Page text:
Pulmonary Artery Aneurysm as a Cause for Chest Pain in a Patient with Noonan’s Syndrome: A Case Report

Department of Internal Medicine, University of Maryland Medical System, Baltimore, Md. 21201, USA.
Cardiology (Impact Factor: 2.18). 02/2008; 110(4):249-51. DOI: 10.1159/000112408
Source: PubMed


A pulmonary artery aneurysm is defined as pulmonary artery dilatation >4 cm. Pulmonary artery aneurysms are rare findings and are usually not associated with chest pain. This is the first report of a case of pulmonary artery aneurysm causing chest pain in a patient with Noonan's syndrome. Chest X-ray showed cardiomegaly and a prominent main pulmonary artery segment and CT confirmed a pulmonary artery aneurysm with a pulmonary artery root measuring 5.6 cm. The patient underwent pulmonary valvuloplasty as well as pulmonary arterioplasty to repair the pulmonary artery aneurysm, and experienced subsequent relief of chest pain. In conclusion, pulmonary artery aneurysm is a rare complication in patients with Noonan's syndrome and can be the cause of chest pain in such patients.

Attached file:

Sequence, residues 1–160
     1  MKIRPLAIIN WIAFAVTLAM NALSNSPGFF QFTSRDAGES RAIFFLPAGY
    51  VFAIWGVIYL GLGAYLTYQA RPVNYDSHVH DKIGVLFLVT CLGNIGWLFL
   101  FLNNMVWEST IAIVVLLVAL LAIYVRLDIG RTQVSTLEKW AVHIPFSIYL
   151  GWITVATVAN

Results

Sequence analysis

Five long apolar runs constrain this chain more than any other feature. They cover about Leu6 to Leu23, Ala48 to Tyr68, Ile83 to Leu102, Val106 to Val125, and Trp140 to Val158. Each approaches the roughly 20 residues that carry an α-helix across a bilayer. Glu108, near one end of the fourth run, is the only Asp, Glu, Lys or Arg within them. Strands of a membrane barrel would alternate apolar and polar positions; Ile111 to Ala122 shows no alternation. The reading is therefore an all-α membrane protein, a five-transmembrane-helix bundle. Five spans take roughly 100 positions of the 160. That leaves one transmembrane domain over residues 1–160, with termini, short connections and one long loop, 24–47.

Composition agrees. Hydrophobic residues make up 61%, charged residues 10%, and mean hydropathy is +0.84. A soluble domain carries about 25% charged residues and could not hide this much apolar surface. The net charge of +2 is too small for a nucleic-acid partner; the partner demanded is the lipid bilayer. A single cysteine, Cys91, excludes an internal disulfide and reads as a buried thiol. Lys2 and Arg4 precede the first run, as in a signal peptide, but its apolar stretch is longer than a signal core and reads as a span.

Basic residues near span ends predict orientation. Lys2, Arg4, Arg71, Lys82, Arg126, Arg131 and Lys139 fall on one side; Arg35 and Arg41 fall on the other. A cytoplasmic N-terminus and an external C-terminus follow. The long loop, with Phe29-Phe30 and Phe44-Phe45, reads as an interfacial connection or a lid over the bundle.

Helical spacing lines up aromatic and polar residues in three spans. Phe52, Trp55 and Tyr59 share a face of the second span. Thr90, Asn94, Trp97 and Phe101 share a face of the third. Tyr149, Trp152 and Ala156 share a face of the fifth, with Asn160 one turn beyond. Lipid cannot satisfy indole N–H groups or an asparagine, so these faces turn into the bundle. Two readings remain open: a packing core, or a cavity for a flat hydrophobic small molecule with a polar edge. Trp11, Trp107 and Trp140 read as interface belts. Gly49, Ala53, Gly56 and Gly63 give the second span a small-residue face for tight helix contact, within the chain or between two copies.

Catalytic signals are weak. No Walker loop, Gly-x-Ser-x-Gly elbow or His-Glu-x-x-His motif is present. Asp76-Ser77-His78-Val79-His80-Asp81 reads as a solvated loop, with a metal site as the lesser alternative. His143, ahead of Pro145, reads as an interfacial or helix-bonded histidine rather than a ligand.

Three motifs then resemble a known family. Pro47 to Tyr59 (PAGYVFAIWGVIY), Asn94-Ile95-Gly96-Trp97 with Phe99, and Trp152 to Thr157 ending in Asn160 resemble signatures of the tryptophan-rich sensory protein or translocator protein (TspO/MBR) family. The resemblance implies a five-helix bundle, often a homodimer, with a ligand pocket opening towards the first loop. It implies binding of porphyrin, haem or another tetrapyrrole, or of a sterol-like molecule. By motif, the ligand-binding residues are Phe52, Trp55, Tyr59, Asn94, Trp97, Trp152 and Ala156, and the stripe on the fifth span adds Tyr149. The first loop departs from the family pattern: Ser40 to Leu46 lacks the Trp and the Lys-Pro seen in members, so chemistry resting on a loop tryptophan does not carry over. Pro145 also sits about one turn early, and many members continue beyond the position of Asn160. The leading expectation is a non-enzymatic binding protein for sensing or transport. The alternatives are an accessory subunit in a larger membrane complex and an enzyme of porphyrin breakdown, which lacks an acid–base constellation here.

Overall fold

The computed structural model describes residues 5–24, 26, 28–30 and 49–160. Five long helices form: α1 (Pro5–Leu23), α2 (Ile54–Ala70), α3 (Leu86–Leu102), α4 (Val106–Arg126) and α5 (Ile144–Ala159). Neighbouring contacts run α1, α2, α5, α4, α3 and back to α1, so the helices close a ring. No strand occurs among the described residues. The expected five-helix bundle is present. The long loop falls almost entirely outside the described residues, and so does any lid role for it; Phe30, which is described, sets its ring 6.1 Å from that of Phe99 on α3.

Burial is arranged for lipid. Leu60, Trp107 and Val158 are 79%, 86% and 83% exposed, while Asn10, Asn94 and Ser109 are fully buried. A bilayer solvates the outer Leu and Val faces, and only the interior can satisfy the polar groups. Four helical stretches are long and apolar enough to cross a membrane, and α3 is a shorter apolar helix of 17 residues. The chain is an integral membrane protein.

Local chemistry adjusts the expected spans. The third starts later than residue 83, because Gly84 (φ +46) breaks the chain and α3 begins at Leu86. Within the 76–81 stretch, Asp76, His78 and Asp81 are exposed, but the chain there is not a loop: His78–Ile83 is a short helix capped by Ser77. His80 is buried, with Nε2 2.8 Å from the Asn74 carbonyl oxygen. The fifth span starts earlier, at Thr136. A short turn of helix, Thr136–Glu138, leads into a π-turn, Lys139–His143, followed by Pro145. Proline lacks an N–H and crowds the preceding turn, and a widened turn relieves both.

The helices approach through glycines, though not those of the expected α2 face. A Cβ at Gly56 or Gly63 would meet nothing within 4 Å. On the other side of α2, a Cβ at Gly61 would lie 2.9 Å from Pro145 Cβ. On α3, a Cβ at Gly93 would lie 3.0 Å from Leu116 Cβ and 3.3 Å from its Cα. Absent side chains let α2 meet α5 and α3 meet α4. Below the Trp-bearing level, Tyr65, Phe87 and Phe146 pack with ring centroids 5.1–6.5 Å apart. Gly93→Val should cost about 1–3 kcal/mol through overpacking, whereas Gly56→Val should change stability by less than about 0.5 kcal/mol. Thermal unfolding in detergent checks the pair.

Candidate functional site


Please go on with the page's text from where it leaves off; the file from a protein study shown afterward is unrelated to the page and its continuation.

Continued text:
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    ABSTRACT: Noonan syndrome (NS) is a genetic disorder caused by mutations altering proteins relevant to RAS/mitogen-activated protein kinase signal transduction. Cardiac involvement is common, most prevalently pulmonary valve stenosis and hypertrophic cardiomyopathy. Because abnormal mitogen-activated protein kinase signaling contributes to the aortopathy in Marfan syndrome and with rare reports of aortic aneurysm in NS, we undertook a retrospective study of ascending aortic anatomy in 37 patients with NS and without confounding medical conditions. Age ranged from 0.6 to 32 years. Based on the most recent echocardiogram, the aortic annulus and root were dilated in the cohort (mean z scores of 1.14 and 0.98, respectively, p <0.005) but the sinotubular junction and ascending aorta were not (mean z scores of 0.05 and 0.19, respectively). The aortic root was aneurysmal (>2 z scores) in 8 subjects (21.6%). PTPN11 mutations were present in 14 subjects, whose aortic status was similar to the cohort overall. Comparison of age and z scores revealed a modest tendency for the aortic annulus and root to dilate over time. Among 13 subjects with multiple imaging studies over an average of 6.8 years, the average z score increased to 0.78 and 0.39 for the aortic annulus and root, respectively. Multivariate analysis revealed that age accounted for 7.0% and 11.0% of the variance in the aortic annular and root diameters, respectively. In conclusion, we found that aortic annular dilation and aortic root aneurysm are prevalent in NS, often presenting during childhood and progressing over time. Further study is needed to identify potential risks associated with these abnormalities.
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